City shines after Saturday morning ‘Spring Sweep’
Published 11:43 am Sunday, March 29, 2009
Schools’ program offers area-students a second chance
By KEVIN SCOTT CUTLER
Lifestyles &Features Editor
The reasons are many: poor attendance, academic challenges, the economy, discipline problems, family situations.
Those are a few of the scenarios that could cause a student to drop out of school. In Beaufort County, the dropout rate — 5.76 percent during the 2007-2008 school year — has decreased in recent years, although it remains higher than the state average of 4.97 percent over the same time period.
But Beaufort County is addressing the issue: It’s examining why students in public schools leave the classroom and also providing an alternative method for dropouts to obtain their high school diploma.
The Beaufort County Schools Pathways to Success program, in its first year, serves more than 60 students who for a variety of reasons never finished high school.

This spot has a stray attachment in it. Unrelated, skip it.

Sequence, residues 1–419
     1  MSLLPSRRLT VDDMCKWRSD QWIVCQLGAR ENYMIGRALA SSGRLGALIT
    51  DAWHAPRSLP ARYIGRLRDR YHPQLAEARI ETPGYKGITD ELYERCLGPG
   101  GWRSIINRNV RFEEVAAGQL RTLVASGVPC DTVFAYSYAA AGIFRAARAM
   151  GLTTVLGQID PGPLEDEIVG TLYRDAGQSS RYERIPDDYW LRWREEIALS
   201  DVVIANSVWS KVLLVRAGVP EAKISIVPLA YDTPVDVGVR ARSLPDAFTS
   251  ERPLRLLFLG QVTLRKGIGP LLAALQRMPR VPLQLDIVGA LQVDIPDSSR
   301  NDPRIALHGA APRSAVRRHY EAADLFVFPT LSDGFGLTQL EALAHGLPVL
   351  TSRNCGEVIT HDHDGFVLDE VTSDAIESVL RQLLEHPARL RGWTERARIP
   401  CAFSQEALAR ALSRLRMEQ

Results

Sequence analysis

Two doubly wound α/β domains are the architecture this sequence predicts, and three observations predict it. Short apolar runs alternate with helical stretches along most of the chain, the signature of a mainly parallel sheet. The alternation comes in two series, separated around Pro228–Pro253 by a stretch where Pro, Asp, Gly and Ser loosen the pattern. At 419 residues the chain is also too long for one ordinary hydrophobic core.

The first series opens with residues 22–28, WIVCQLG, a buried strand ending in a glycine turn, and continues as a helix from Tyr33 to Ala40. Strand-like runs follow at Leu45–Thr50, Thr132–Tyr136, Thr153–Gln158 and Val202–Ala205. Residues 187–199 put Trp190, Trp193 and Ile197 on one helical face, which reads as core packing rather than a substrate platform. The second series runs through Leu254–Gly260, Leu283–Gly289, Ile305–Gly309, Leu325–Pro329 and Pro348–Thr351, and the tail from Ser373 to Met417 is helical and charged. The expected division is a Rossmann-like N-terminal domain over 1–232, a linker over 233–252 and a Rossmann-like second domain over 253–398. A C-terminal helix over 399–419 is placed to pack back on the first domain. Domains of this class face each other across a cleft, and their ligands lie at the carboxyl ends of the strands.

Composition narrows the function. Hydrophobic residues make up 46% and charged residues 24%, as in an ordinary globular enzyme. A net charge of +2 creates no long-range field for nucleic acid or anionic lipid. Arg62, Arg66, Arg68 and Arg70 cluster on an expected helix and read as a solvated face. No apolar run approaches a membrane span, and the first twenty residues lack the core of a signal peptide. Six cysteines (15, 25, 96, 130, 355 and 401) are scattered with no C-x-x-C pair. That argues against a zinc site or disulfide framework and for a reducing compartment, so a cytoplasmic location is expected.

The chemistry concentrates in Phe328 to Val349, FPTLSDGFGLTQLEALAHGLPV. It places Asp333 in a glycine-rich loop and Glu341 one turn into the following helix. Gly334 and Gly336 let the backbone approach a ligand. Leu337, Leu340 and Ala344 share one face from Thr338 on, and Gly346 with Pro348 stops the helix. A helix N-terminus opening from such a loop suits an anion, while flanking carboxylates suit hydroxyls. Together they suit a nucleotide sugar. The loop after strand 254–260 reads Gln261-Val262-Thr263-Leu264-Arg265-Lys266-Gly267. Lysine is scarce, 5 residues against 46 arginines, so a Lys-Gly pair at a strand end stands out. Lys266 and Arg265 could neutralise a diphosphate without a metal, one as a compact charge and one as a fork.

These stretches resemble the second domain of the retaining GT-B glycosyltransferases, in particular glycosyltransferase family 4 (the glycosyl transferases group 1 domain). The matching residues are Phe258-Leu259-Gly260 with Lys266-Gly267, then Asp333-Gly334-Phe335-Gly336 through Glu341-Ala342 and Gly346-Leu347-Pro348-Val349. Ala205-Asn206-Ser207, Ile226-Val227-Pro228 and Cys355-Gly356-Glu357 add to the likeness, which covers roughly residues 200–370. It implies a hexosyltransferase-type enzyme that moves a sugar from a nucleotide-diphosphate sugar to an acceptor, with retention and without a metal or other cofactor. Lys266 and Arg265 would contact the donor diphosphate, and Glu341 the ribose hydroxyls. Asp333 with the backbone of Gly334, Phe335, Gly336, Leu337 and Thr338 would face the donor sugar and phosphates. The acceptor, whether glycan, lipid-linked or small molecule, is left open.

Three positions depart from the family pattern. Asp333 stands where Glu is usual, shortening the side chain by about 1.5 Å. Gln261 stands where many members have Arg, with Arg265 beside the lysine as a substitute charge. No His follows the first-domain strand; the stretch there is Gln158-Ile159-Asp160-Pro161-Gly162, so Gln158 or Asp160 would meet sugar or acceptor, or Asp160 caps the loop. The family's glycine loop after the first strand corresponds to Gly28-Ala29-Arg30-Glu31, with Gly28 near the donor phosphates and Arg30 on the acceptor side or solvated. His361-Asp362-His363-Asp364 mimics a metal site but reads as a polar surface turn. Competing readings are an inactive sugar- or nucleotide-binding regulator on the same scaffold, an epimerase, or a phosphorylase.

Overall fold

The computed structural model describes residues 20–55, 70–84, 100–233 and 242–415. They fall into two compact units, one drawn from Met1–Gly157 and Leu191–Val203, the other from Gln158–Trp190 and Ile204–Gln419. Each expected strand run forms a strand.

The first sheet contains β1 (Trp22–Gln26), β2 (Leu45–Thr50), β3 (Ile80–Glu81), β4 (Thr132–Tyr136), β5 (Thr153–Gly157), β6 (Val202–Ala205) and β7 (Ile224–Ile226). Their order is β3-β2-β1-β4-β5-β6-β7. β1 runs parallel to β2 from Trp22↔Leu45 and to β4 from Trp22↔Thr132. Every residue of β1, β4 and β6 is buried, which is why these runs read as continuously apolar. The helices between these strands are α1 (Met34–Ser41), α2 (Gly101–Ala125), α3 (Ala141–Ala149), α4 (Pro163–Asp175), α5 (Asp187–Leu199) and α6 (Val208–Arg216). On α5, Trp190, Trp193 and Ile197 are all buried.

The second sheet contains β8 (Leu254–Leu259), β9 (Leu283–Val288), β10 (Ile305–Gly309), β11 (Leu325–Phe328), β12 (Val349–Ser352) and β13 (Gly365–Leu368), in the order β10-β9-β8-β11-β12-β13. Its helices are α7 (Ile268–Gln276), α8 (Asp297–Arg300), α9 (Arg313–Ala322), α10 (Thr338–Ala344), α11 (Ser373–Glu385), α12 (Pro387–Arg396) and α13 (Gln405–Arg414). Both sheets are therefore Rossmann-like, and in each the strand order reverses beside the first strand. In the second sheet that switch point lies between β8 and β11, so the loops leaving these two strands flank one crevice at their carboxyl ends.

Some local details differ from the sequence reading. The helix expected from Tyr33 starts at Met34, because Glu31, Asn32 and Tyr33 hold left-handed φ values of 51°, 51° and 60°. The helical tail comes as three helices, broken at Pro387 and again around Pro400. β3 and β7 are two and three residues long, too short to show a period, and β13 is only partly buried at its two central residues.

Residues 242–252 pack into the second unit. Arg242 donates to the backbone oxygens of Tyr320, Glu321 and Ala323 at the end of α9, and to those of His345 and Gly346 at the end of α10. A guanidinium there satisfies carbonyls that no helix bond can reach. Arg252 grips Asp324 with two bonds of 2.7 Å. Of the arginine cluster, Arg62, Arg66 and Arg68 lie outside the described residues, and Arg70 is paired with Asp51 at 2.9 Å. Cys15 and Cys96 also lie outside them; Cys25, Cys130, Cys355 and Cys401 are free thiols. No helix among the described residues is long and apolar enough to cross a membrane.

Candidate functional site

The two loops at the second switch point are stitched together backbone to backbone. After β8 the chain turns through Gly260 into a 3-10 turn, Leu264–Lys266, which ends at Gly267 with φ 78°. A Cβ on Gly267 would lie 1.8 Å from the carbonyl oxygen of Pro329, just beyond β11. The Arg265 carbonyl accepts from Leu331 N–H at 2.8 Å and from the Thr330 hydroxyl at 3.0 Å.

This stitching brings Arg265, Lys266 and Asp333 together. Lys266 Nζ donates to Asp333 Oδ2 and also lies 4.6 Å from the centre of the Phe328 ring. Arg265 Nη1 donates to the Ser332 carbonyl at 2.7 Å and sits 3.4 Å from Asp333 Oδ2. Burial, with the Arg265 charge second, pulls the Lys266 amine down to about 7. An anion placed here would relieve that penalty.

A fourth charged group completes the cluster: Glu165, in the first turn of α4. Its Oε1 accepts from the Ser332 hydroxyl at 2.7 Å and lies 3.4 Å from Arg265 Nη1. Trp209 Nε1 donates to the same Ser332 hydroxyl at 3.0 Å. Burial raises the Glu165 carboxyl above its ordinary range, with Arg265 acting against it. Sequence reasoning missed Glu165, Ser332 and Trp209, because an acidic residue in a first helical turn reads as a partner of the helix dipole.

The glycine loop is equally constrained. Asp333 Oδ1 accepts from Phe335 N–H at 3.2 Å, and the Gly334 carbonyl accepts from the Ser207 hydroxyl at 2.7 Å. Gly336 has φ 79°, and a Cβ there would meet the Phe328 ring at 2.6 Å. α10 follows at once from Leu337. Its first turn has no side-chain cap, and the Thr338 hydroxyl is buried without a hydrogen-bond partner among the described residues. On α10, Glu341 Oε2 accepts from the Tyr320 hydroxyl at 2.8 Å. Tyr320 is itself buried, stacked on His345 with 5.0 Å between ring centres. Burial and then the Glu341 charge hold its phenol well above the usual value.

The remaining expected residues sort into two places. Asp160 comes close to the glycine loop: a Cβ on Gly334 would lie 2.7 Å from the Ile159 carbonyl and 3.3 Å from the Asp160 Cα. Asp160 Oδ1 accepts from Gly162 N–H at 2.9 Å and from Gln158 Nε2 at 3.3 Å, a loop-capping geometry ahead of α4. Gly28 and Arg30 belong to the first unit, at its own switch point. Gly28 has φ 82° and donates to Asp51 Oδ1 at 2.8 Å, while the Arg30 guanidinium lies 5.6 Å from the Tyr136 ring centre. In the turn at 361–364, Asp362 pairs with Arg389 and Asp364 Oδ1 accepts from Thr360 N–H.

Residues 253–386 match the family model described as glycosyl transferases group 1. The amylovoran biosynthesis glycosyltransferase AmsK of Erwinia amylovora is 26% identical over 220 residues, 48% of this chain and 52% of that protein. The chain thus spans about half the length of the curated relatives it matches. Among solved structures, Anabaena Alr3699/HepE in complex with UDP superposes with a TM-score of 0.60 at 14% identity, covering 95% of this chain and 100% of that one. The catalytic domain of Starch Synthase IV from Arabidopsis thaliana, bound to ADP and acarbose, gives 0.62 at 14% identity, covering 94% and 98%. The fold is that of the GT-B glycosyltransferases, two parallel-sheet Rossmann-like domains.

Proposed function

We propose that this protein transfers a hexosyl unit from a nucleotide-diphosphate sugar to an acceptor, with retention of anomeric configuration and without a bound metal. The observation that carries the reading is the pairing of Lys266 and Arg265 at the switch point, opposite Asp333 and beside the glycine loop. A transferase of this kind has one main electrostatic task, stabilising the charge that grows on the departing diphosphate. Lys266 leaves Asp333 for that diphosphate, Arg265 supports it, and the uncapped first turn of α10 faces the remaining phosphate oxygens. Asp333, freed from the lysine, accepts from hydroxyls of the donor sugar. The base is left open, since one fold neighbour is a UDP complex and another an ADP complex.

The program’s slogan is “Pathways to Success. Stop. Think. Choose.”
Beaufort County received $150,000 to implement the new program for the 2008-2009 school year. In October, an additional grant was provided to ensure Pathways would continue through the 2009-2010 term, Oros said.
The money must be used to prevent students from dropping out or to fund programs, such as Pathways, that allow those who have already left school to return and finish their high school education.
Pathways targets former students younger than age 21 who are looking for a second chance, Oros said.
Many of them were struggling in the traditional high school setting and were unable to complete the courses they needed to graduate. Pathways focuses on the core curriculum, including four years of math and English courses, and offers some additional vocational and technical elective classes.
Long range plans are in place for the Pathways program, Oros added.
Approved by the Beaufort County Board of Education, Pathways adheres to much of the same criteria in place at Washington, Northside and Southside high schools.
Charles Robinson is among students presently enrolled in Pathways. The 19-year-old moved to Beaufort County last year, and like others realized he was falling short on credits.
Robinson anticipates graduating in June. He’s currently job hunting and planning to attend a community college, where he hopes to study carpentry and masonry.
Robinson hopes he will be an inspiration for younger students in the same situation.
Oros said the program is already succeeding. The very first Pathways graduate is now taking classes at Beaufort County Community College.